by Shaun Knittel -
SGN Associate Editor
Researchers need to proactively engage LGBT people in health studies and collect data on these populations to identify and better understand health conditions that affect them, says a new report from the Institute of Medicine.
According to the committee that wrote the report, the scarcity of research yields an incomplete picture of LGBT health status and needs, which is further fragmented by the tendency to treat sexual and gender minorities as a single homogeneous group.
The report provides a thorough compilation of what is known about the health of each of these groups at different stages of life and outlines an agenda for the research and data collection necessary to form a fuller understanding.
'It's easy to assume that because we are all humans, gender, race, or other characteristics of study participants shouldn't matter in health research, but they certainly do,' said committee chair Robert Graham, who serves as professor of family medicine and public health sciences as well as Robert and Myfanwy Smith endowed chair of the department of family medicine at the University of Cincinnati College of Medicine, Cincinnati. 'It was only when researchers made deliberate efforts to engage women and racial and ethnic minorities in studies that we discovered differences in how some diseases occur in and affect specific populations. Routine collection of information on race and ethnicity has expanded our understanding of conditions that are more prevalent among various groups or that affect them differently. We should strive for the same attention to and engagement of sexual and gender minorities in health research.'
According to the National Academy of Science, because LGBT individuals make up a minority of the population, researchers face challenges in recruiting sufficient numbers of these individuals in general population surveys to yield meaningful data.
'Stigma experienced by gender and sexual minorities can make them reluctant to disclose their orientation, worsening the problem,' said National Academy of Sciences officials in a March 31 press release. 'Moreover, it is difficult to synthesize data about these groups when studies and surveys use a variety of ways to define them.'
Because demographic data provide the foundation for understanding any population's status and needs, federally funded surveys should proactively collect data on sexual orientation and gender identity, just as they routinely gather information on race and ethnicity, the report says. Information on patients' sexual orientation and gender identity also should be collected in electronic health records, provided that privacy concerns can be satisfactorily addressed, the committee said. The National Institutes of Health should support the development of standardized measures of sexual orientation and gender identity for use in federal surveys and other means of data collection.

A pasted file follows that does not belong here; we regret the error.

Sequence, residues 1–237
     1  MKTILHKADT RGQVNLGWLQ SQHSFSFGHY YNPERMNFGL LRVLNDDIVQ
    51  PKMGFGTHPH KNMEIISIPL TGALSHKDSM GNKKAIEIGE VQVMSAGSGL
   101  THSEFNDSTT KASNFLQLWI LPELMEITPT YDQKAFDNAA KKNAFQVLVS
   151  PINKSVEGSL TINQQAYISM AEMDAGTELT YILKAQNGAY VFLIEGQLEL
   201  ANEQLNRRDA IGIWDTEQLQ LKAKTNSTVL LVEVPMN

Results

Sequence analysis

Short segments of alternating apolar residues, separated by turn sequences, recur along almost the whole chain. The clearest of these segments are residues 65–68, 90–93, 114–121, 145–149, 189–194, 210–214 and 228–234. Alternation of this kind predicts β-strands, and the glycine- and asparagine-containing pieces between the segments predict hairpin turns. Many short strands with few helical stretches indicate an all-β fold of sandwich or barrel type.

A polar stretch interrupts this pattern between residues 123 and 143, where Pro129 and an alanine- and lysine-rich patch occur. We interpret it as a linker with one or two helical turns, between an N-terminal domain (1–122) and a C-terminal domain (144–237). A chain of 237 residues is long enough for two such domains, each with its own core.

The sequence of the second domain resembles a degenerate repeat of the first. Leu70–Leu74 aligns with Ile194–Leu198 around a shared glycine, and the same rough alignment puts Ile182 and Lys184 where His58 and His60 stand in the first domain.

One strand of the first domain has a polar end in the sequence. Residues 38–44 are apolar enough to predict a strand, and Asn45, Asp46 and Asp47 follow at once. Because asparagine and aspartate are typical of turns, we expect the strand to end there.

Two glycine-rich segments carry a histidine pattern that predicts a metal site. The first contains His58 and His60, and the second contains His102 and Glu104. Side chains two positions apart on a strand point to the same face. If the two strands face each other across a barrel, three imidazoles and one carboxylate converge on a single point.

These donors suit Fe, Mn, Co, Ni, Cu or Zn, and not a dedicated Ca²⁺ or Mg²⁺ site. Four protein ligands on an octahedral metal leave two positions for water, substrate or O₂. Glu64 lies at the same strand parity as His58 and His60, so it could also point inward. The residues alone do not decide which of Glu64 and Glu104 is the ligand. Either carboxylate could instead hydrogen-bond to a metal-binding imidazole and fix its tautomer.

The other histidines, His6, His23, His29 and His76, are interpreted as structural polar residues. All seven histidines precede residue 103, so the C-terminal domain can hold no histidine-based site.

In addition, NIH should provide training opportunities in conducting research with LGBT populations. Training should engage researchers who are not specifically studying LGBT health issues as well as those who are. The agency should also use its policy on the inclusion of women and racial and ethnic minorities in clinical research as a model to encourage grant applicants to address how their proposed studies will include or exclude sexual and gender minorities.
'In detailing just how little is known about the health issues confronting Lesbian, Gay, Bisexual, and Transgender people, the Institute of Medicine report exposes the disturbing fact that our community has been largely ignored in most medical and health services research,' said Rea Carey, executive director of the National Gay and Lesbian Task Force. 'We are pleased our survey was able to help inform the committee as it created the IOM report on gaps and opportunities in LGBT data and research, which shines a critical light on the health disparities facing LGBT people and provides recommendations to assist researchers in identifying and addressing these needs.'
Congresswoman Tammy Baldwin (D-Wis.), a member of the House Health Subcommittee and co-chair of the LGBT Equality Caucus, said, 'For years in congressional hearings, briefings, and meetings, I have asked our national health policy officials and medical experts, 'What do you know about LGBT health?' Only to hear, 'I have to get back to you.' Today, we've gotten a well-researched and most welcome response. I am delighted that after years of advocating for more attention to LGBT health disparities, IOM's report will bring us closer to the goal of promoting good health for all Americans.'
'We can't overcome LGBT health disparities until we know what those disparities are and where they exist. Once we have solid data, the proper responses will follow. I look forward to working with my colleagues in Congress and at the Department of Health and Human Services to implement the recommendations of the IOM report,' Baldwin explained.'
Baldwin will soon reintroduce the Ending LGBT Health Disparities Act, building on the IOM report's recommendations.
The study was sponsored by the National Institutes of Health. Established in 1970 under the charter of the National Academy of Sciences, the Institute of Medicine provides independent, objective, evidence-based advice to policymakers, health professionals, the private sector, and the public. The National Academy of Sciences, National Academy of Engineering, Institute of Medicine, and National Research Council make up the National Academies. For more information, visit http://national-academies.org or http://iom.edu.
Share on Facebook
Share on Delicious
Share on StumbleUpon!